Direct Supervision: A Safer, More Effective Jail
Using a method of jail management called direct supervision, correction officers are able to keep inmates under continuous 24-hour supervision. Inmates in direct supervision jails have a better chance of leading productive lives after they finish their sentence.
Based on a system of reward and punishment, direct supervision raised a few skeptical eyebrows when it was first proposed nationally in 1969. Doubters believed inmates would be treated too kindly, making jails less effective.
However, the past 25 years have proved the opposite to be true, according to Voorhis Associates, a Colorado-based firm hired by the county to plan and develop the operational program requirements for the jail and Sheriff's offices in the Public Safety Center.
Direct supervision jails have resulted in better control of inmates. When compared to traditional jails, direct supervision facilities have a significant decrease in violence, noise, vandalism, and harassment of staff by inmates.
Inmates who exhibit good behavior are assigned to progressively more normalized living areas. Inmates who break the rules are assigned to more restrictive living areas.
Most inmates in the PSC live in an area called a "pod." Based on their behavior, prisoners are assigned to pods ranging from minimum to maximum security. Males and females are separated by gender.
Each pod has three levels of security with increasingly better accommodations: Individual cells have a metal bed, sink, small desk, and toilet. Some cells open out into small "sub-day areas" with tables and seats. Other cells and the sub-day area open out into a large, communal "day area" with tables, chairs, and telephones.
An inmate's behavior determines if he or she must remain in a cell or be allowed into the sub-day or day areas. Electronic locks control access to the areas.
Divided by walls of security glass, each area is within sight of the others 24-hours a day. Inmates who behaved poorly always see other inmates in the less restrictive areas, and realize that if they behave, they will be allowed into those areas, too. The reverse is also true. The sight of inmates in more restrained and confined areas will serve as a constant reminder of the consequences of poor behavior.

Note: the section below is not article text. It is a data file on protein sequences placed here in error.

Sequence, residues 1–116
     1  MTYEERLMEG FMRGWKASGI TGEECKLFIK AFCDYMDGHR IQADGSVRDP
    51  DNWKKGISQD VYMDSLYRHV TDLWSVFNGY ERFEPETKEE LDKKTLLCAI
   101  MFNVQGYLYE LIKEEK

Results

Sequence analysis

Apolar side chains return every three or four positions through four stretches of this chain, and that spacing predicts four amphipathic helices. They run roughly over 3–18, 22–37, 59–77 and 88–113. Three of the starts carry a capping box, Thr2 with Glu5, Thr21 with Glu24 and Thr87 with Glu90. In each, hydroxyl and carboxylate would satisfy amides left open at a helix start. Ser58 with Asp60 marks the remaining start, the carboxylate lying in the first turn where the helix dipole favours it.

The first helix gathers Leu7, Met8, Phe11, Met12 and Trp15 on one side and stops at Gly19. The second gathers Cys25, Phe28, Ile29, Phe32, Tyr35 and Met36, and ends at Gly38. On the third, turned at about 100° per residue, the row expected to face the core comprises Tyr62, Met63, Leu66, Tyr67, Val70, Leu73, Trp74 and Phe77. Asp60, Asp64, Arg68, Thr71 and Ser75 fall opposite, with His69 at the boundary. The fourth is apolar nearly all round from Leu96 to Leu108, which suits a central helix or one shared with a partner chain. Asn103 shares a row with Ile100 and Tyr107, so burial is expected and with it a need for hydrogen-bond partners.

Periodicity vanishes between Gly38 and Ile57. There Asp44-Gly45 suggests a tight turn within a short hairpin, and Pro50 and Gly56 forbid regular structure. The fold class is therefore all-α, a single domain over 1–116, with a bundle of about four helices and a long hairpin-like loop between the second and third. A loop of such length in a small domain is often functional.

Direct supervision makes inmates responsible for the quality of their life during their jail sentence. The lesson remains with them after they've served their sentence and are returned to society. The old jail's design had no incentives to learn how to behave.
A jail which rewards good behavior with cells containing porcelain fixtures is economical because the fixtures are less expensive to buy and maintain than the stainless steel fixtures in higher security cells.
The jail also features programs for inmates, including educational classes, a library, and better recreation areas. All of these features are required by state mandates or national standards which govern the accreditation of jails.
Life in a direct supervision jail is also different for the corrections officers. Instead of supervising inmates by "walking the rounds" past rows of barred cells, officers will interact with inmates, often without a physical barrier between them.
A correction officer works inside the pod with up to 48 inmates. The officer controls the locks, doors, lights, and cameras from an electronic panel. Officers in a master control room regulate movement in and out of the pods and have complete electronic command of the jail.
By being inside the pod with the inmates, officers can anticipate problems and deal with them proactively, resulting in a safer jail. In the old jail, officers could only react to problems as they occur.
Most correction officers find their work to be more rewarding and less stressful in direct supervision jails, according to Sheriff Todd. The security glass walls and shape of the living areas allow officers to observe all inmates continuously.
Special training is required for correction officers in direct supervision jails. The training involves several levels of instruction, including the philosophy behind direct supervision, policy and procedures, simulations, and operation of the electronic control panels.
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